Breaking Free From the Cult: 6 Reasons Why Agile Doesn’t WorkWritten By: Talia Fukuroe
Jan 24, 2013 • 12:09 pm 11 Comments
For the last six years, I have been trying to create a real, true Agile environment. I’ve gotten teams together and tried to follow the rules, doing everything “right” to achieve true Agile productivity. I’ve tried. My coworkers, colleagues, and fellow program managers have tried too. At this point, I’m ready to call it. Agile doesn’t work. Not like they say it will.
Technically, I’m talking about Scrum, which is just one method that falls under the official “Agile” umbrella, along with Extreme Programming, Kanban, and a few others. But whenever I hear people say they “know Agile” or “follow Agile”, this is what they mean: fixed-length sprints, standups, product backlogs, estimations, burndown charts, retrospectives, etc.
I’ve never successfully managed to get a team to follow all the rules of Agile, nor have I seen or heard of such a team outside of case studies during Agile training. The teams I worked on had plenty of successful projects. They just weren’t “Agile”, and that part felt like failure. At first I thought it was me. Then I thought it was the team. Then I thought it was the company.
When I joined Impermium – an early-stage startup, a small team of brilliant, motivated engineers, and no existing (codified) development process – it was a pristine environment, the Program Manager equivalent of fresh powder. Surely, if there was a place to achieve Agile perfection, this was it. And yet, Agile was still impossible to follow.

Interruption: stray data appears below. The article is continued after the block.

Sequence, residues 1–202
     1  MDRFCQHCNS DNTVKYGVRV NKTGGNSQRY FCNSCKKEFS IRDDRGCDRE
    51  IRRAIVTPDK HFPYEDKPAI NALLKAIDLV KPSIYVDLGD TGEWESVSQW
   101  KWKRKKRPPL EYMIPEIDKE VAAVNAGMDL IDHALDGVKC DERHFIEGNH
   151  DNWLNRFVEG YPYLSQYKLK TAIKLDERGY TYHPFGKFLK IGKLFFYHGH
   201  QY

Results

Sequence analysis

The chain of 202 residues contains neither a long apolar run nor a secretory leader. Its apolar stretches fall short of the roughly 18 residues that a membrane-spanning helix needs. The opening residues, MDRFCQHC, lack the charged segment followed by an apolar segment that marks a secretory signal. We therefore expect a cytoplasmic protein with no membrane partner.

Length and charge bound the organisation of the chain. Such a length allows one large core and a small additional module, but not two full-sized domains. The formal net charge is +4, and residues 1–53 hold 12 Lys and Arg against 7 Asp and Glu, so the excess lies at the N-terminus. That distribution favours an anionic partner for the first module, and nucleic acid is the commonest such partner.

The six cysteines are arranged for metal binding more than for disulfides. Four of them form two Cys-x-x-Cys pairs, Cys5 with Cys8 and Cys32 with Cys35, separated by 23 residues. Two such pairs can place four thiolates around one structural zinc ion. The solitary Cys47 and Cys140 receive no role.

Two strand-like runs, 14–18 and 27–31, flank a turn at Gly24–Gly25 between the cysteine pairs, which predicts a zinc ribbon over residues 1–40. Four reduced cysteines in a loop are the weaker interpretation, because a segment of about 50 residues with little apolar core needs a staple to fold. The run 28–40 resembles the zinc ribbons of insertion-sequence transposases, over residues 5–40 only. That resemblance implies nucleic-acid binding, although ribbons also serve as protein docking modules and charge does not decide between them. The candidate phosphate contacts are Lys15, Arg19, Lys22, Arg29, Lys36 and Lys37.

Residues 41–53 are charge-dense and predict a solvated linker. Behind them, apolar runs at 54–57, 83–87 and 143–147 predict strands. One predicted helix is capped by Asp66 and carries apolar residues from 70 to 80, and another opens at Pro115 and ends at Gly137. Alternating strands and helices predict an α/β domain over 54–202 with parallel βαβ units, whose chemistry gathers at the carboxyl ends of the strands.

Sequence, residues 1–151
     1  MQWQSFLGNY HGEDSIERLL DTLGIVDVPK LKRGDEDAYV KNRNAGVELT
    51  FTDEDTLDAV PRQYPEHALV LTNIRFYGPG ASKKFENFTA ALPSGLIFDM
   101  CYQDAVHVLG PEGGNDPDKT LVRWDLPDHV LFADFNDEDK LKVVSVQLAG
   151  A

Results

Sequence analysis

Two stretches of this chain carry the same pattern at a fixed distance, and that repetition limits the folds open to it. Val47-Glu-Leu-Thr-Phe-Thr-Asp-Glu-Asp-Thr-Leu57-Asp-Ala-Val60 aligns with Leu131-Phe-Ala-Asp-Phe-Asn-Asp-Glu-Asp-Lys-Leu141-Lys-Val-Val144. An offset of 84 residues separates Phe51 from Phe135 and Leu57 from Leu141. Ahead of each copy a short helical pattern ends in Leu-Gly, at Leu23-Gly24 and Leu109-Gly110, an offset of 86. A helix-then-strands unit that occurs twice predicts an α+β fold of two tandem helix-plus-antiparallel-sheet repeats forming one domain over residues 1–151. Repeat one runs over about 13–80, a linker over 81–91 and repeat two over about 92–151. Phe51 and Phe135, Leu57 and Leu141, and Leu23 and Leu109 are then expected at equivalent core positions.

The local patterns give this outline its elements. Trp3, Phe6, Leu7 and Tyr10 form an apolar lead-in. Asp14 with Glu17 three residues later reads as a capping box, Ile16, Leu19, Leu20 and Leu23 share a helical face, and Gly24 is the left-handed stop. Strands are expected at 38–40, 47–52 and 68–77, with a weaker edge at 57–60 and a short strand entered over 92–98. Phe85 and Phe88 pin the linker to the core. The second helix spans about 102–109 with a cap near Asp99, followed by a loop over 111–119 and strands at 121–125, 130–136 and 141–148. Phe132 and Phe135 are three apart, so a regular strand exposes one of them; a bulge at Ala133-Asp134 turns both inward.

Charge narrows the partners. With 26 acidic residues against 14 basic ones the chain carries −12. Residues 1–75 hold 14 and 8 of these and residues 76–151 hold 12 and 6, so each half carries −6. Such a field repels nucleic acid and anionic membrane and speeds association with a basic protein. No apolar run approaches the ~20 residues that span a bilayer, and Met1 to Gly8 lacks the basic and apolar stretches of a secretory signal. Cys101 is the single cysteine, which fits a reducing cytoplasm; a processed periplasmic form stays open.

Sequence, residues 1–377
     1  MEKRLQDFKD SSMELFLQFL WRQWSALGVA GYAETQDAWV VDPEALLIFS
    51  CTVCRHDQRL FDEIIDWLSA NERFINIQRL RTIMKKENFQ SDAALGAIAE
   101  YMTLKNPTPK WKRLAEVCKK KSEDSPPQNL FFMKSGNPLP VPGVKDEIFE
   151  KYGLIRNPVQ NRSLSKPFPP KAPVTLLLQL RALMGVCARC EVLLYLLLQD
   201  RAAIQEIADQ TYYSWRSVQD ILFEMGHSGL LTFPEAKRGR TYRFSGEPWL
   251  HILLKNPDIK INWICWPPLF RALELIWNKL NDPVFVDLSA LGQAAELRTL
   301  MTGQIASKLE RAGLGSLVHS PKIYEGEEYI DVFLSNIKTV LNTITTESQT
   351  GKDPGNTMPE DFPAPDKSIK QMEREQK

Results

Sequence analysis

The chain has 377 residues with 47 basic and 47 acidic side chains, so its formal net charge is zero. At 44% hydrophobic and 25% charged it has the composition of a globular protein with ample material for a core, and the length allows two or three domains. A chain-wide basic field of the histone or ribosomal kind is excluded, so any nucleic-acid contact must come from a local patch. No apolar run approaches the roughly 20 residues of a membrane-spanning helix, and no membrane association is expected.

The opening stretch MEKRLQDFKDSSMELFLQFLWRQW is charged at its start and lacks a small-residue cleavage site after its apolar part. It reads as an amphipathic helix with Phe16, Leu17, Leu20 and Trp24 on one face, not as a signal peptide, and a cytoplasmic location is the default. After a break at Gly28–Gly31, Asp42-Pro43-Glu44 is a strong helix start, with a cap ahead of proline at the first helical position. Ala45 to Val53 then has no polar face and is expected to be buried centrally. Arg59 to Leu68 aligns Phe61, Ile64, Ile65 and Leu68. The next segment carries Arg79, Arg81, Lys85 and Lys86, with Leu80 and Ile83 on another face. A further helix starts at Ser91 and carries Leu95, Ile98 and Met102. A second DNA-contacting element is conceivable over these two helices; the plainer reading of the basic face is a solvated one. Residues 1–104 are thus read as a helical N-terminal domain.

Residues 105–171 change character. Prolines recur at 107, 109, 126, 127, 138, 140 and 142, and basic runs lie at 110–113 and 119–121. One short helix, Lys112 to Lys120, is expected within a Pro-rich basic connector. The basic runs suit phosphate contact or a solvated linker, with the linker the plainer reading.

So now I know. I’ve tried it. It doesn’t work. Here’s just a few reasons why:
1. Teams are never co-located. Agile says you need to have teams all in the same place. But somehow, they’re always split – between the Bay Area and San Diego, or Bangalore and Stockholm. Even Impermium’s original 4-person dev team had an engineer in India. The whole point of modern communication technology is so that people can be physically apart, but still in touch. Someone works from home. Someone used to be here, but moved to Portland. You have to be able to deal with people not being face-to-face.
2. Sprints are never locked down. Despite all the talk about being able to accept change, Agile is built on the idea that each sprint itself is fixed. Unfortunately, the real world always intrudes. Per Agile, when faced with new requirements mid-sprint, you have three choices: the first choice is to say “no” and hold it off till next sprint. Ever met a Product Owner with an urgent new feature, who’s willing to wait 4-6 weeks till the end of next sprint? Me neither. Next, Agile says that if you genuinely can’t prevent a new requirement, you have to terminate the sprint and start a new one. I’ll tell you a little secret: nobody actually does that. It’s too costly. Finally, theoretically, you can trade out other requirements from the sprint to make room, but it’s never that simple either. Usually there’s no way to accurately say, “If I have to do X, it will mean you don’t get Y.” The best you can do is put the new requirement on the top of the list and make sure the things you don’t get to in this sprint are the ones that were lower priority.